How do animals prepare for winter? Explore this concept with your kindergarten class and teach vocabulary, creativity and problem solving. Show how animals are created with special abilities to take care of themselves during harsh weather.
Circle Time: Animals That Hibernate
The book, Stranger in the Woods by Carls R. Sams II and Jean Stoick, will show beautiful photographs of the animals. The stranger in the book is a snowman the animals encounter.
Introduce and define the word "hibernate" to add to the children's growing vocabulary. Explain that the animals go into a rest and deep sleep until spring. Talk about the bears, squirrels, bats, skunks that go into hibernation. Discuss how the snakes, alligators, frogs, turtles and lizards burrow into the mud to live underground through winter. The white-tailed jack rabbit, weasel and mice prepare to stay warm for winter, by growing a thick coat of fur. Give the children an opportunity to ask questions and brainstorm for other animals that prepare for winter.
Activity: Outdoor Observation
Take the children outdoors for a picnic lunch, if the school allows. Suggest that they look for signs of animals preparing for winter. If necessary, sprinkle cracked acorns on the ground. Perhaps they'll see a squirrel looking for nuts.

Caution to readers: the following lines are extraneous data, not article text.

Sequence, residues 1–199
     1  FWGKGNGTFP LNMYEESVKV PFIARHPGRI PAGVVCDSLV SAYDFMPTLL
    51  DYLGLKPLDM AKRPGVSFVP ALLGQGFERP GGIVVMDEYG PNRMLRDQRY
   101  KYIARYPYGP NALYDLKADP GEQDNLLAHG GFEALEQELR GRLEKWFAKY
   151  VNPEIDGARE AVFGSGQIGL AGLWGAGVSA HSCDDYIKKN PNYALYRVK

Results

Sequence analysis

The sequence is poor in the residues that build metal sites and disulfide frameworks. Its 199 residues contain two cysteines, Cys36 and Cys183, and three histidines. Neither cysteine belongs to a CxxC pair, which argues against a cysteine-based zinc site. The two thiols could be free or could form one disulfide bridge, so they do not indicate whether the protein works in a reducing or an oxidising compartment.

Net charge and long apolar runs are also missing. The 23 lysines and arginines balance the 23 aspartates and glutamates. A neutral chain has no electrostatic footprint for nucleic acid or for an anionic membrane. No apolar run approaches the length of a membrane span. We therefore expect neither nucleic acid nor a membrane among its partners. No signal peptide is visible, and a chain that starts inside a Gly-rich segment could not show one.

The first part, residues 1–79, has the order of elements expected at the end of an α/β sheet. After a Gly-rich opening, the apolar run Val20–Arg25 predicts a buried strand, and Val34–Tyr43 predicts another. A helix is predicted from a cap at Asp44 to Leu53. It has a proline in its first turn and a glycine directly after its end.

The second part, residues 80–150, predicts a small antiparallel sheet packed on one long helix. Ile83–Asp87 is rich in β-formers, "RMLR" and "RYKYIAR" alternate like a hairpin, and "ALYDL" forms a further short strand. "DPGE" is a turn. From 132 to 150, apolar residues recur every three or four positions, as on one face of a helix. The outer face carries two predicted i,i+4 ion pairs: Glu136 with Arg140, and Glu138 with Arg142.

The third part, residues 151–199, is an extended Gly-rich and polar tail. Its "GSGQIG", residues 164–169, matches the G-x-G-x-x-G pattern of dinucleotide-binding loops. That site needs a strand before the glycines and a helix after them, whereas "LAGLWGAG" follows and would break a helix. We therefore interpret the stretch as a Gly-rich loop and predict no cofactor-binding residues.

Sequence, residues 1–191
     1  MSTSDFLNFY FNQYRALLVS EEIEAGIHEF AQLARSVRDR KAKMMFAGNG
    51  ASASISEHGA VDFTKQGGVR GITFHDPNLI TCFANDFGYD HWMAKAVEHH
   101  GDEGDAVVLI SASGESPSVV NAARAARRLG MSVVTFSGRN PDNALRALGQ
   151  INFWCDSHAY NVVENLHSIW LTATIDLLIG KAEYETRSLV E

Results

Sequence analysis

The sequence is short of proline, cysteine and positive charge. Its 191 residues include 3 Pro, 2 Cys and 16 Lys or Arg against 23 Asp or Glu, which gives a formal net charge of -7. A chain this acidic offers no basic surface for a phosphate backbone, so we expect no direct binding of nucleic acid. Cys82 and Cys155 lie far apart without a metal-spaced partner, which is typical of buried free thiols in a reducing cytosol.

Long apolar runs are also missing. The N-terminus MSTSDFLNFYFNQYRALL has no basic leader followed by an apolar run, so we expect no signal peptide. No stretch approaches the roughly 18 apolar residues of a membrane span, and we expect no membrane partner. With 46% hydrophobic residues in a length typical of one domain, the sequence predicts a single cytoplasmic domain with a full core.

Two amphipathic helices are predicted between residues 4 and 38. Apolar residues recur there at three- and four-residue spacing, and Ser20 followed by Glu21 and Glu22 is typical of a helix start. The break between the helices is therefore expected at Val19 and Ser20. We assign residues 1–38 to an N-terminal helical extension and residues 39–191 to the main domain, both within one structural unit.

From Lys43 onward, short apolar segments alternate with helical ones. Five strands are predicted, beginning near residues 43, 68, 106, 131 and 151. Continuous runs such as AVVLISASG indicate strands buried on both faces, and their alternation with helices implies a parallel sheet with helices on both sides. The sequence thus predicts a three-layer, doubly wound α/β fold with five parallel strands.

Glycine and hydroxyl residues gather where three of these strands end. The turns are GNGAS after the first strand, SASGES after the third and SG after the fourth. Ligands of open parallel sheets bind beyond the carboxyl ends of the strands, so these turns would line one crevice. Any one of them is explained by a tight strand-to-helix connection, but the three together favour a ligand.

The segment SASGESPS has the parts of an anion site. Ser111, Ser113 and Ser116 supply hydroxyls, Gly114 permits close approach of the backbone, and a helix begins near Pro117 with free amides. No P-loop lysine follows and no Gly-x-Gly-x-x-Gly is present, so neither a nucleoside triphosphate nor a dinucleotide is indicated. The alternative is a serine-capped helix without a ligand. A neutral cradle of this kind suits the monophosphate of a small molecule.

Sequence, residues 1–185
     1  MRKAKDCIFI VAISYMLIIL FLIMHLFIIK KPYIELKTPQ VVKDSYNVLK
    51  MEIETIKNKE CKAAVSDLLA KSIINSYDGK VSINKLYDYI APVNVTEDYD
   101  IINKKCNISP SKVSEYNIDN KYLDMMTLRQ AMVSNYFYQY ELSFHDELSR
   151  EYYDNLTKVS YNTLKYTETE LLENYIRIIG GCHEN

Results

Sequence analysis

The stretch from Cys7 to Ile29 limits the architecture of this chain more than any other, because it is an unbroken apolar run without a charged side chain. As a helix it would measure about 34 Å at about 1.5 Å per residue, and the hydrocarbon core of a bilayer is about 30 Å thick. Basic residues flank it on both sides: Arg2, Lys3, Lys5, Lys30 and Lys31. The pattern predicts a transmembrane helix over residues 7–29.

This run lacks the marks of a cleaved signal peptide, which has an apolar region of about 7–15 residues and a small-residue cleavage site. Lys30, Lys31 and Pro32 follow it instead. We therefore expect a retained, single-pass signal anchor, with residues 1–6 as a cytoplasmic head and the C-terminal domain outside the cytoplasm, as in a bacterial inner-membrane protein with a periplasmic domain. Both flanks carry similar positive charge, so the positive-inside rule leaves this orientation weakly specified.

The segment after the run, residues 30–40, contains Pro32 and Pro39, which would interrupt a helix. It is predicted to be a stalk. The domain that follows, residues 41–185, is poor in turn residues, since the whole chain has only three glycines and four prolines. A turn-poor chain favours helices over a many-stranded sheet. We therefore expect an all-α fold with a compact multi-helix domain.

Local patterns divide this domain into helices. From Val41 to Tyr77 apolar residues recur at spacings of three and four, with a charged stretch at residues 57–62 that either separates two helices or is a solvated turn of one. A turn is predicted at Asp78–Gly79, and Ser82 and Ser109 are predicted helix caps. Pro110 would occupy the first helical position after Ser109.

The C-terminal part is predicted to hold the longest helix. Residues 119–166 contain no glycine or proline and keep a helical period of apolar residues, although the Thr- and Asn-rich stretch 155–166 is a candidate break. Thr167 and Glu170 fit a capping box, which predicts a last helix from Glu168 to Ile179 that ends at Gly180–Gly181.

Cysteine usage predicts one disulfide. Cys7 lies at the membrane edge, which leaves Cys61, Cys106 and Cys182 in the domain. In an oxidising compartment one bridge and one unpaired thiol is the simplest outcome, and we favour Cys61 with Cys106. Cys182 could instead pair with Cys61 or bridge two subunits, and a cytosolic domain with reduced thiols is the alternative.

Art: Hibernation Station
The children will design their own Hibernation Station. Before the activity begins, read the book, Time to Sleep, by Denise Fleming, and allow the children to discuss and get ideas on how to create a "den" for this art activity. The project allows for building their creativity skills and getting a closer hands-on idea of where the animal will sleep all winter.
- Small box for each child
- Cotton balls
- Leaves and grass
- Pre-cut pictures of animals that hibernate
- Scraps of yarn, fabric
Math: Ordinal Numbers
Draw a picture of a cave on the chalkboard. Make copies of various hibernating animals with a number on each. Pass these out to the kids and ask what animal will come into the cave first, then second, and so forth, until each has a turn. As each child comes up with the animal picture, each should repeat the ordinal number and review the new word. For example, "This is the first animal to hibernate." This activity will help build both vocabulary and math skills.
Wake Me in Spring, by James Preller
Animals Prepare for Winter, by Elaine Pascoe
Sleepy Bear, by Lydia Dadcovich